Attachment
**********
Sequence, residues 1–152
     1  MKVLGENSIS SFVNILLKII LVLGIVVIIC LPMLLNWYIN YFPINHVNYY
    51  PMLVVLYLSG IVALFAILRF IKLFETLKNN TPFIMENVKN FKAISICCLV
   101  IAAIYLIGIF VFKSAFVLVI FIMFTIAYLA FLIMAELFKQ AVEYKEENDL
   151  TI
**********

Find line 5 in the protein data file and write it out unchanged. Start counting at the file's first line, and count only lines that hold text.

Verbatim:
   151  TI